Knowing that our teaching mission was still important (if not more important) amid an era of social distancing, we worked hard to find where our program would fit into a remote teaching landscape. After conducting an extensive teacher survey, we found that what students were missing most was hands-on learning that they could do from home. As a result, we began transforming our in-person lessons into “FAB Go-Kits” that could be sent home to students for at-home learning.
When looking to distribute these kits we were fortunate enough to meet the folx at STEAM Ahead. It was a match made in heaven. They were looking for a company to sponsor their engineering curriculum for their summer program, and especially wanted hands-on lessons to send to their students. We gave them our Go-Kits, along with video lessons so their students could learn to build robots and electrical circuits at home. We also gave them feedback on inventions they created and hosted an innovation night to talk about inventions and robotics and answer their very intelligent questions. We donated a total of 50 kits to the program over the summer.
Moving forward, we are excited to continue to partner with STEAM Ahead as they work with schools in the Boston area throughout the school year. This fall we have donated another 100 kits to which will be going to students in the greater Boston area. We are also working with the Go Red for Women program and hosted a “STEM and Healthy Eating” virtual event this past November.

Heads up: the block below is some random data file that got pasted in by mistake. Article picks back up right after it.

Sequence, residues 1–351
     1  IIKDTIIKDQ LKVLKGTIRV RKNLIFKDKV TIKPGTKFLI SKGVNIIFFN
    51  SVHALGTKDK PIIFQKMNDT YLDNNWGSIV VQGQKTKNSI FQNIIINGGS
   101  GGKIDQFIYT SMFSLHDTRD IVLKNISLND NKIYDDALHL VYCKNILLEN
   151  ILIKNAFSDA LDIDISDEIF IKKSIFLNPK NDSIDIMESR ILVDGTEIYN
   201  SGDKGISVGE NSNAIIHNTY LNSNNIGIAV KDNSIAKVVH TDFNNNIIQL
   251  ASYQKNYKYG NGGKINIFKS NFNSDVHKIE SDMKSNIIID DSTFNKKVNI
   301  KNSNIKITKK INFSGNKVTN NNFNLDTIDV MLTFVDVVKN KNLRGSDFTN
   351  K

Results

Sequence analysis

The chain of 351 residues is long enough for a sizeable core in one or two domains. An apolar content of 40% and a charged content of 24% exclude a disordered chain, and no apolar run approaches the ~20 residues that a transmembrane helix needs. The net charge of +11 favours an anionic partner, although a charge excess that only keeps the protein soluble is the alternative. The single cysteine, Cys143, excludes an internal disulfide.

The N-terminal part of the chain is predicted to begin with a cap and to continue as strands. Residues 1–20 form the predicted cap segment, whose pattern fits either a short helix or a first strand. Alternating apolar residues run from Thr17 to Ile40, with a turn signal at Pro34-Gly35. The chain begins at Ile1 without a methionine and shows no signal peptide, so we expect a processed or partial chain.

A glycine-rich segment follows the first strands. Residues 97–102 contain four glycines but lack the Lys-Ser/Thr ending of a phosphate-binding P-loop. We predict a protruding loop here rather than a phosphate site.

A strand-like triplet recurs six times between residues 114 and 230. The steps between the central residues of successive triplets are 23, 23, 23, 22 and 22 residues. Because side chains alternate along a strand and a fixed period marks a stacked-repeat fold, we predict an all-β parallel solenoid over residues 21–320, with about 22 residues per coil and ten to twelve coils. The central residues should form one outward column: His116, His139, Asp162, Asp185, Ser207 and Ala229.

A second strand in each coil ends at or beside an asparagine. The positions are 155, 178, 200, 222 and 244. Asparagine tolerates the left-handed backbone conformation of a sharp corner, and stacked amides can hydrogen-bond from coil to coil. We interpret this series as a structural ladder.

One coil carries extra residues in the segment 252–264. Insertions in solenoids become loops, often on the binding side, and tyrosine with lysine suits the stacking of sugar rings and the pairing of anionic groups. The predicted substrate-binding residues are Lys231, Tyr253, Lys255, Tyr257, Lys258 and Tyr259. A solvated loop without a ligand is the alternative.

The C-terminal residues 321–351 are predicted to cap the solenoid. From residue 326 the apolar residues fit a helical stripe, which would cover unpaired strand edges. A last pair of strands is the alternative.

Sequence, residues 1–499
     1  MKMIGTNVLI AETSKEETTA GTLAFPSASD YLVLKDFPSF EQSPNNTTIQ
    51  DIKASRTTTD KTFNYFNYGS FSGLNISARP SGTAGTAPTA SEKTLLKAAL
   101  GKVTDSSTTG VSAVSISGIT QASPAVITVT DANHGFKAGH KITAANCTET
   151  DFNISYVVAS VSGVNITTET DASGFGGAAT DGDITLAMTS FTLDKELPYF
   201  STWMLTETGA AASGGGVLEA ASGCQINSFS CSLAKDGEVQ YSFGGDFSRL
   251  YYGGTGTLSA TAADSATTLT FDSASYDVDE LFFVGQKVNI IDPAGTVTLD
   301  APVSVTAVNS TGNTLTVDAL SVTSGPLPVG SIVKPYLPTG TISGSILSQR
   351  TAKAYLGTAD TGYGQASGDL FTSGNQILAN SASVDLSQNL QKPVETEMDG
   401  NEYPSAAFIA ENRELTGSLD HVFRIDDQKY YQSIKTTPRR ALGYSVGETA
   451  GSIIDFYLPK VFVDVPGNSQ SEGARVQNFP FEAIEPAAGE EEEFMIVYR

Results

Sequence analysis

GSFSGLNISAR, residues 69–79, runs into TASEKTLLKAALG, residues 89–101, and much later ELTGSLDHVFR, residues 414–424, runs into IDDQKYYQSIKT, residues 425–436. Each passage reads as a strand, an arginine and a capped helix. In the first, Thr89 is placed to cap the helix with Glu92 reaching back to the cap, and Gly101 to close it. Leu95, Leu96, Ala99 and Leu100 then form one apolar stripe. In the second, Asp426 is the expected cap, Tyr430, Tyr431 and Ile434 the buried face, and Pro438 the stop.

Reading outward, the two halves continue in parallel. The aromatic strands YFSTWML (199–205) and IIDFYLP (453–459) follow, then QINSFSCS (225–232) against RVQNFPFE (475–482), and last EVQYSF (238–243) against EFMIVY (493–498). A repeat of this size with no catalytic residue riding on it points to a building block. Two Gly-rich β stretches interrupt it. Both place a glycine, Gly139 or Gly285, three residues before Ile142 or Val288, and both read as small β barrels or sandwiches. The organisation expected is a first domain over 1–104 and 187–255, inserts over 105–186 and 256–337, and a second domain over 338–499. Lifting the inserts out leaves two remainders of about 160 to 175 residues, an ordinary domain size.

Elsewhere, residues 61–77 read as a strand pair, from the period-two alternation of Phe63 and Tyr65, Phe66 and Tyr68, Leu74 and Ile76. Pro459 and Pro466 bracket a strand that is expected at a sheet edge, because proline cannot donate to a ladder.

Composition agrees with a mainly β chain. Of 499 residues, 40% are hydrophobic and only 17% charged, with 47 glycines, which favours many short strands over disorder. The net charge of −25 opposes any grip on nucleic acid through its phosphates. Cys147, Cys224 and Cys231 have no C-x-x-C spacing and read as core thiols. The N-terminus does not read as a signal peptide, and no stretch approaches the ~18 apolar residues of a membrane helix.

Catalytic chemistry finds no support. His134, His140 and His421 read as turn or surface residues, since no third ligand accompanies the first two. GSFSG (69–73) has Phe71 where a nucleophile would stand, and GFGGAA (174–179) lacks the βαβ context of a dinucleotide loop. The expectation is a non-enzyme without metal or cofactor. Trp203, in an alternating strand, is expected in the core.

What’s Next for FAB?
It’s exciting for me to be able to use Spyce as a platform to give the gift of teaching back to our community. We look forward to donating more Go-Kits in 2021 with the help of STEAM Ahead. We are also working to weave more of our FAB program into the very blog you’re reading now! We plan to post our FAB lesson plans here, along with part buying guides so parents and teachers can do these lessons with their children and students.
We know that teacher’s budgets are slim, so in the spirit of accessibility, some of our lessons can be taught for as little as $4 per student! We will also have video tutorials for each lesson so teachers can spend less time making remote lesson plans, and parents will spend less time trying to balance their regular jobs with their new tutoring responsibilities.
It makes me so happy to know that a restaurant like ours can make a meaningful impact in the education space. I once felt a ping of regret, jumping into the restaurant industry instead of pursuing my calling as an educator. I certainly no longer feel that way and believe that through Spyce, we can make an even larger impact to underserved communities than I could have as an instructor alone. It warms my heart, and I look forward to seeing what the future holds for us.
Brady Knight I am a co-founder, I lead Spyce’s electrical projects, assist Luke in leading the Hardware team, help Lydia run DE&I (Diversity, Equity, and Inclusion) initiatives and lead the FAB program. I was planning on going into teaching after graduating college until I got wrapped up in Spyce. Instead, I throw my teaching passions into FAB and mentoring team members.